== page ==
White people, banish this phrase from your mind. Wash it out of your mouth. If you type it without scare quotes, cut off your fingers and cast them from you, for it is better for you to lose your fingers than for your whole body to be thrown into hell.
Let us state the social issue before us: Black men are being killed by police and vigilantes because they are presumed to be criminals. They can follow police instructions and still be killed, like Philando Castile. They can be killed for playing in a park, like Tamir Rice. They can be killed for wearing a hoodie and buying skittles, like Trayvon Martin. They can be killed for exercising their second-amendment rights, like EJ Bradford. In all of these cases, the victims were presumed to be criminals by those doing the shooting.
They can be killed without consequence because the assumption is that black men are dangerous. Did the police officer / vigilante fear for their life? Of course they did: the victim was a black man, and everyone of us has been programmed to believe that black men are dangerous.
So when a black man is killed (again), and people protest his killing, some white folks (and a few black folks) respond with this dismissive, distracting rhetoric which reinforces the stereotype: “What about black-on-black crime?” “Why don’t you protest that?”
The genius of this evil turn of phrase is that it allows someone to sound concerned while they reassert one of the central premises of white supremacy: black people are defective. In some ontological, primordial way, their blackness is a signifier of their wickedness. They are prone to criminality. They are violent. So we need to address “black-on-black crime” before we can take seriously the idea that our black siblings are being killed without cause. According to this logic, ANY GIVEN KILLING of an unarmed or innocent black man is justified. Just like lynchings, modern vigilante justice will never be uncalled-for. Using the phrase “black-on-black crime” is a way of saying, “Black people brought this on themselves.”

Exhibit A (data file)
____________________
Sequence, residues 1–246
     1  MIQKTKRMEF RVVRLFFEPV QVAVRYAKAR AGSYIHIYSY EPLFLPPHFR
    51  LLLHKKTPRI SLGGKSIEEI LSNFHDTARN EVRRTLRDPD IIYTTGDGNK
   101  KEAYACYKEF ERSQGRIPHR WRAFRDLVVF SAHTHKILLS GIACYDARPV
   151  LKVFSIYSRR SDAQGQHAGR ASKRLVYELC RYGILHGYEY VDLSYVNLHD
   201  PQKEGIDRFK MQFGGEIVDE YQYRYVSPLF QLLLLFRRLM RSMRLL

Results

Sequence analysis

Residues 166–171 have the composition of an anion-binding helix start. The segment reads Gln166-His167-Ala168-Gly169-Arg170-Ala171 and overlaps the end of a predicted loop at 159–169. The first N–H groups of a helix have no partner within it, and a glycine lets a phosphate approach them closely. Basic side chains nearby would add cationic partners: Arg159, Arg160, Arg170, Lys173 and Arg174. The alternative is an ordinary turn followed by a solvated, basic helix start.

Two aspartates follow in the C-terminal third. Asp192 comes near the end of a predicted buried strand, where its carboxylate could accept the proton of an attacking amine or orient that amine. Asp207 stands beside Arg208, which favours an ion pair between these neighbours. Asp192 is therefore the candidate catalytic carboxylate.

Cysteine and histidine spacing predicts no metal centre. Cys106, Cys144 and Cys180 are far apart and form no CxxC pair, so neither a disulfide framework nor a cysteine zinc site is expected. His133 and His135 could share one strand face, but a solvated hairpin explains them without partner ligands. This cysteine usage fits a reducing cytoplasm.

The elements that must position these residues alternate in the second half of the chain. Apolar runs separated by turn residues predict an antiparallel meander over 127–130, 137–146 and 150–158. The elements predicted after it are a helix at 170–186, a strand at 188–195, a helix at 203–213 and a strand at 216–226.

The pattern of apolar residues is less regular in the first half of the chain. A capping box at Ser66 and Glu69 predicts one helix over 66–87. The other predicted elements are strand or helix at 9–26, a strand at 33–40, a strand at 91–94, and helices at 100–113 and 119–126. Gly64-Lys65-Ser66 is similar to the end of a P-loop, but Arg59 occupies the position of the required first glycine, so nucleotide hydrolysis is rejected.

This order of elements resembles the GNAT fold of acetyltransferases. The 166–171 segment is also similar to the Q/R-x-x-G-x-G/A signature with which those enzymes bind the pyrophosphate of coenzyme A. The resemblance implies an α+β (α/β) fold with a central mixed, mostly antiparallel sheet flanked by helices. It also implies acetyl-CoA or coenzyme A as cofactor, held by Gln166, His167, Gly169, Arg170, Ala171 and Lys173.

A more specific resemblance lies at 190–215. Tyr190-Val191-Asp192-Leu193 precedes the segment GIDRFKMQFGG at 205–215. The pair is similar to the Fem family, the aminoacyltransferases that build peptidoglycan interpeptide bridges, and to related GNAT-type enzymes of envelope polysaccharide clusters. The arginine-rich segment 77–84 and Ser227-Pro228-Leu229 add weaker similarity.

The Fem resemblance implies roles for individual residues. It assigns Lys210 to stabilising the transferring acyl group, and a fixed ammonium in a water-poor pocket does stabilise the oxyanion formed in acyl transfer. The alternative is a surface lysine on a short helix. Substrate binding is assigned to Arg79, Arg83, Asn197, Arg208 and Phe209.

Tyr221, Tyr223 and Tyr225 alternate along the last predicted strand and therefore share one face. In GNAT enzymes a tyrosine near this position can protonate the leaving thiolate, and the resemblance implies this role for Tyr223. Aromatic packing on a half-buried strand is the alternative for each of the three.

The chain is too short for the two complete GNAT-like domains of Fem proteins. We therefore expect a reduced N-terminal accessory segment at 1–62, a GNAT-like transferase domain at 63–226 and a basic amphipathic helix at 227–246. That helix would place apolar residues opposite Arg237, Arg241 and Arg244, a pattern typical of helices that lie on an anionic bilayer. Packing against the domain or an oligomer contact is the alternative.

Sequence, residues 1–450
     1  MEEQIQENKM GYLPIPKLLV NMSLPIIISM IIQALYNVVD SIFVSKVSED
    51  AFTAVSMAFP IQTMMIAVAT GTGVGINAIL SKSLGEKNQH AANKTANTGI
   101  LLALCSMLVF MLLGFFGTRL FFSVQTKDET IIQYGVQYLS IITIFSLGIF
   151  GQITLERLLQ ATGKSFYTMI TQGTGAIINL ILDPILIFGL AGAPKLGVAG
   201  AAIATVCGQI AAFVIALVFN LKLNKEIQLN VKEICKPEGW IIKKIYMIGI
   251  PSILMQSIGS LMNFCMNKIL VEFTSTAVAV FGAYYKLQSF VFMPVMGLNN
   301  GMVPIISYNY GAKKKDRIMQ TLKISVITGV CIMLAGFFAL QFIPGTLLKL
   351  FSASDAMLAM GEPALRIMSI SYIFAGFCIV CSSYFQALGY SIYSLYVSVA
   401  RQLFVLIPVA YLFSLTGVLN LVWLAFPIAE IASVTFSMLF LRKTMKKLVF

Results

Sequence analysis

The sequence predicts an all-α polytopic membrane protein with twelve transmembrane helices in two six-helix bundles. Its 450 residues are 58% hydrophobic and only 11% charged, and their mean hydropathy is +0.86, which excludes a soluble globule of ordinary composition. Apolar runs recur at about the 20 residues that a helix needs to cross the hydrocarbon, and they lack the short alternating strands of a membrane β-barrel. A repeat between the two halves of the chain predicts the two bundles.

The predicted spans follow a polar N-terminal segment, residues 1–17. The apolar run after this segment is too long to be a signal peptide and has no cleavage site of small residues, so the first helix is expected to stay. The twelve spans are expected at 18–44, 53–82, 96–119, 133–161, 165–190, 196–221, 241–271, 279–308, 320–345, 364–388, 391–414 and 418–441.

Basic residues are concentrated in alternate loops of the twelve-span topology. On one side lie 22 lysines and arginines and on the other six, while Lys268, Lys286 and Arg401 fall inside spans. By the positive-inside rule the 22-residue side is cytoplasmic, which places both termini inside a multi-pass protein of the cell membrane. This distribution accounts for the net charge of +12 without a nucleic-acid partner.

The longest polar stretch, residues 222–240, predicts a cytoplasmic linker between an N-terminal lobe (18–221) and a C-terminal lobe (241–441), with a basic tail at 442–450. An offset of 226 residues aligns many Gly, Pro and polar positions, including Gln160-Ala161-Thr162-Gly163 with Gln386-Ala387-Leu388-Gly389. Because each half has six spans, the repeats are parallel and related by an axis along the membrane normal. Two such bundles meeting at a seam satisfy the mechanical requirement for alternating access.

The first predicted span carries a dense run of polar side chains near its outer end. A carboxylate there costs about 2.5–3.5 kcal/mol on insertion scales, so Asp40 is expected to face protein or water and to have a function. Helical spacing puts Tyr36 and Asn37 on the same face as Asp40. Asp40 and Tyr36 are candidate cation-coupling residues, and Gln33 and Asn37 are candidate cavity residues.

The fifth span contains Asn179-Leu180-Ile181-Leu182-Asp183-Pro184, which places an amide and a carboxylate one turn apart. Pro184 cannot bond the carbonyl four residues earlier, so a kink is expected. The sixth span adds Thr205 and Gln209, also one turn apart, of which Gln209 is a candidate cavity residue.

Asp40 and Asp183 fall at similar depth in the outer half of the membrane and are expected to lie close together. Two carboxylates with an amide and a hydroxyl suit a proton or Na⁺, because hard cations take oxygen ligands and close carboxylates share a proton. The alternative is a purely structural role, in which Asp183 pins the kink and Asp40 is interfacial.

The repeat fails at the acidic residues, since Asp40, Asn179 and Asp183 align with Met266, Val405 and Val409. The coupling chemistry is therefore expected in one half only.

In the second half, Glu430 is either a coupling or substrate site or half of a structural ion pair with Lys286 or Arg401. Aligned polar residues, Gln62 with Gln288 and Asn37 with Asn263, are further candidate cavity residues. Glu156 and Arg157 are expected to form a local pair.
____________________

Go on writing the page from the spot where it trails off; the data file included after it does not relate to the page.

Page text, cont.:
There are, of course, many other reasons this phrase is nonsensical. As others have pointed out, we do not refer to mass shootings, anti-semitic hate crimes, or white-collar insider trading as “white-on-white” crime.
But the phrase “black-on-black crime” is abhorrent because it is intentionally used to dismiss white supremacist violence against black bodies. It obscures the violence while it justifies bullets fired, blood lost, parents bereaved, and children orphaned. It is a euphemism, a slightly-more polite way of using the N-word.
Take those words out of your mouth. Throw them away. Never, ever, ever use them again.